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Original Research: BRONCHIOLITIS OBLITERANS SYNDROME |

Reflux-Induced Collagen Type V Sensitization: Potential Mediator of Bronchiolitis Obliterans Syndrome

Joseph L. Bobadilla, MD; Ewa Jankowska-Gan, MS; Qingyong Xu, PhD; Lynn D. Haynes, MS; Alejandro Munoz del Rio, PhD; Keith Meyer, MD; Daniel S. Greenspan, PhD; Nilto De Oliveira, MD; William J. Burlingham, PhD; James D. Maloney, MD
Author and Funding Information

From the Department of Surgery (Drs Bobadilla, Xu, Munoz del Rio, De Oliveira, Burlingham, and Maloney and Mss Jankowska-Gan and Haynes), Department of Medicine (Dr Meyer), and Department of Pathology and Laboratory Medicine (Dr Greenspan), School of Medicine and Public Health, University of Wisconsin–Madison, Madison, WI.

Correspondence to: James D. Maloney, MD, University of Wisconsin–Madison, Department of Surgery, Division of Cardiothoracic Surgery, Box 3236 Clinical Sciences Center–H4/320, 600 Highland Ave, Madison, WI 53792; e-mail: maloney@surgery.wisc.edu


Funding/Support: This study was supported by the National Institutes of Health [Grants R01 AI48624 (Drs Bobadilla and Meyer and Mss Jankowska-Gan and Haynes), R21 A1049900 (Dr Bobadilla and Mss Haynes and Jankowska-Gan), and R01 AR47746 (Dr Greenspan)]. Dr Maloney is supported by a CHEST Foundation award for clinical investigation in lung transplantation.

Reproduction of this article is prohibited without written permission from the American College of Chest Physicians (http://www.chestpubs.org/site/misc/reprints.xhtml).


© 2010 American College of Chest Physicians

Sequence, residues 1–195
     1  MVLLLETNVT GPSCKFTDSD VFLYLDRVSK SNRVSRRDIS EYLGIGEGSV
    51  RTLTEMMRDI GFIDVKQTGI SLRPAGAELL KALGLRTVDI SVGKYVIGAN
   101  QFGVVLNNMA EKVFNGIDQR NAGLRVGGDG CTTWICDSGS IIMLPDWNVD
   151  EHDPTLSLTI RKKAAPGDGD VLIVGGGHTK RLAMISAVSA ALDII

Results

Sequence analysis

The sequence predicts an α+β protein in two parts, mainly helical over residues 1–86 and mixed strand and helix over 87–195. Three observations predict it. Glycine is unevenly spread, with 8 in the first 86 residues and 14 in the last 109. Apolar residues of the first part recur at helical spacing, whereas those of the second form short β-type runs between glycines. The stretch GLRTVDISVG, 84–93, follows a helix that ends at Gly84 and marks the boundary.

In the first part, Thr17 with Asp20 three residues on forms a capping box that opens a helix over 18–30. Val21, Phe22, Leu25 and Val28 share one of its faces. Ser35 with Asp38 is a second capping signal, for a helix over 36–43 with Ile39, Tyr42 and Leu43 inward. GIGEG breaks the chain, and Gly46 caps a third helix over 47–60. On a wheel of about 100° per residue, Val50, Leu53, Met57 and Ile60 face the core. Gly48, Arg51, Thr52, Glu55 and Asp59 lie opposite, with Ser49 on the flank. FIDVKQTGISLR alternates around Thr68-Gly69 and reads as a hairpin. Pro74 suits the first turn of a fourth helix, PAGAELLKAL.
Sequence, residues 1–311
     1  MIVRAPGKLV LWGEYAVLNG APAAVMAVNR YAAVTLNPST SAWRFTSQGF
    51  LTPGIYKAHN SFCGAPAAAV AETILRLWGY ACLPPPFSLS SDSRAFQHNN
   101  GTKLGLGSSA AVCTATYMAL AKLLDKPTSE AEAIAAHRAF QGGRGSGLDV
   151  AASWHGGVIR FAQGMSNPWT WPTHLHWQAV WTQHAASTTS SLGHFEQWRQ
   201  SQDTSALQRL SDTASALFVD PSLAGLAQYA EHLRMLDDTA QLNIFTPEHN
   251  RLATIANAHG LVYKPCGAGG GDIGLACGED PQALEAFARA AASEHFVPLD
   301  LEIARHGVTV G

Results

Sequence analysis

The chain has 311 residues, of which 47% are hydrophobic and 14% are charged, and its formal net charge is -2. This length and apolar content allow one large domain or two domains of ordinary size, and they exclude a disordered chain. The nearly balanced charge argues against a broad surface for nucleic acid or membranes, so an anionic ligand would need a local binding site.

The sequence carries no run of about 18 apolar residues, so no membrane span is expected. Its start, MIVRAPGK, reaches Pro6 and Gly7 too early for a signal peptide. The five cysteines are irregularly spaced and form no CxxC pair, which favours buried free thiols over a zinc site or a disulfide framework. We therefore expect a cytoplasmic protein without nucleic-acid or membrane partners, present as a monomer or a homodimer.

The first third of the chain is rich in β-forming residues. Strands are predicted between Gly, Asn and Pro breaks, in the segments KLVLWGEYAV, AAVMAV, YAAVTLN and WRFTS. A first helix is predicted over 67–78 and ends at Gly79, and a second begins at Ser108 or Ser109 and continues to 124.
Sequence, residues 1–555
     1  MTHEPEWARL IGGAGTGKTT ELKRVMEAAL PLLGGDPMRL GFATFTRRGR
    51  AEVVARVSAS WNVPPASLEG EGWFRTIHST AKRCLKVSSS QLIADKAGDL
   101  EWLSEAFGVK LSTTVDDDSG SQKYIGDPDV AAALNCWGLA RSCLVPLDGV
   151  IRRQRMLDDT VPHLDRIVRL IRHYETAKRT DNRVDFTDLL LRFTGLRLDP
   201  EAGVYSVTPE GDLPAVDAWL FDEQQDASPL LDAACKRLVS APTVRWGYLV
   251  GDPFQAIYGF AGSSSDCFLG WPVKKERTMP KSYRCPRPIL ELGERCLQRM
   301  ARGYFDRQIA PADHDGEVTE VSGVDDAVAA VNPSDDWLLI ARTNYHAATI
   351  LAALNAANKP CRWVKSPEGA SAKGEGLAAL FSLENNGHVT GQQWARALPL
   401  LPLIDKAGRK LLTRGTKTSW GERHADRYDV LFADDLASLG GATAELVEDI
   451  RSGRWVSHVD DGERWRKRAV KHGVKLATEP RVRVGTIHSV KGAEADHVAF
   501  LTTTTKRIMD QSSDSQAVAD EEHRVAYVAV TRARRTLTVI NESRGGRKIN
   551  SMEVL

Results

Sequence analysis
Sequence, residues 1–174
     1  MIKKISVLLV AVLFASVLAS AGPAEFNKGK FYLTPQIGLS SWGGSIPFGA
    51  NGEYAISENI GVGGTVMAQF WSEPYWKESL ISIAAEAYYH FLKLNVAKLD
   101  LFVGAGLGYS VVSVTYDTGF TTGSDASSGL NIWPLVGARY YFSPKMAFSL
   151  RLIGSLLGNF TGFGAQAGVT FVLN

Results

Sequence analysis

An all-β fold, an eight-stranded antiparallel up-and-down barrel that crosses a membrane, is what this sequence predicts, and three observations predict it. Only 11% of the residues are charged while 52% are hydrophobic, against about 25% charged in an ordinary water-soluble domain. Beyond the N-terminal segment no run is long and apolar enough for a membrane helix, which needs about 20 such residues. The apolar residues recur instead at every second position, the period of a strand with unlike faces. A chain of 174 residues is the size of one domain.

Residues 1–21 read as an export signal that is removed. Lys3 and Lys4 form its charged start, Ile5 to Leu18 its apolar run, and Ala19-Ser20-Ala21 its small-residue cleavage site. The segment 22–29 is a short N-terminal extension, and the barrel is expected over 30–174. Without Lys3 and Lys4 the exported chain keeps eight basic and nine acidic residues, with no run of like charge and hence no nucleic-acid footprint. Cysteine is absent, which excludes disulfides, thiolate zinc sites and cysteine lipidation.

Chest. 2010;138(2):363-370. doi:10.1378/chest.09-2610
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Background:  Lung transplantation continues to have poor long-term survival partly because of the high incidence of bronchiolitis obliterans syndrome (BOS). Gastroesophageal reflux disease (GERD) has been implicated in BOS pathogenesis. We investigated the role of collagen type V [col(V)] sensitization in this process.

Methods:  Only primary lung transplant recipients were included. Reflux status was assessed with pH monitoring, impedance plethysmography, and esophagogastroduodenoscopy. Sensitivity to col(V) was determined with trans vivo delayed-type hypersensitivity reaction (DTH). Kaplan-Meier analyses were performed.

Results:  Of the 54 recipients, 26 had proven GERD. There were no significant between-group differences in diagnosis; donor and recipient age; sex; ischemic time; single vs bilateral; human leukocyte antigen A, B, and DR matching cytomegalovirus status; acute rejections; or mean follow-up period. The mean DTH response in the GERD group was 25.7 × 10−4 inches vs 18.3 × 10−4 inches in the non-GERD group (P = .023). There was a significant reduction in BOS-free survival in the GERD group for both BOS-I (GERD+, 28.3%; GERD−, 86.6%; P = .0001) and BOS-II/III (GERD+, 66.2%; GERD−, 91.7%; P = .0374). A second cohort of 53 patients awaiting lung transplantation also was assayed. The mean DTH response in the GERD group was 24.0 × 10−4 inches vs 13.1 × 10−4 inches in the non-GERD group (P = .003). There were no differences in age or sex.

Conclusions:  GERD is strongly associated with the development of BOS after primary lung transplantation. Col(V) sensitization is associated with reflux and BOS and may play an intermediary role in the pathogenesis of BOS. Trials using col(V) reactivity to assess the impact of antireflux procedures in patients with lung transplantation and idiopathic pulmonary fibrosis are warranted.

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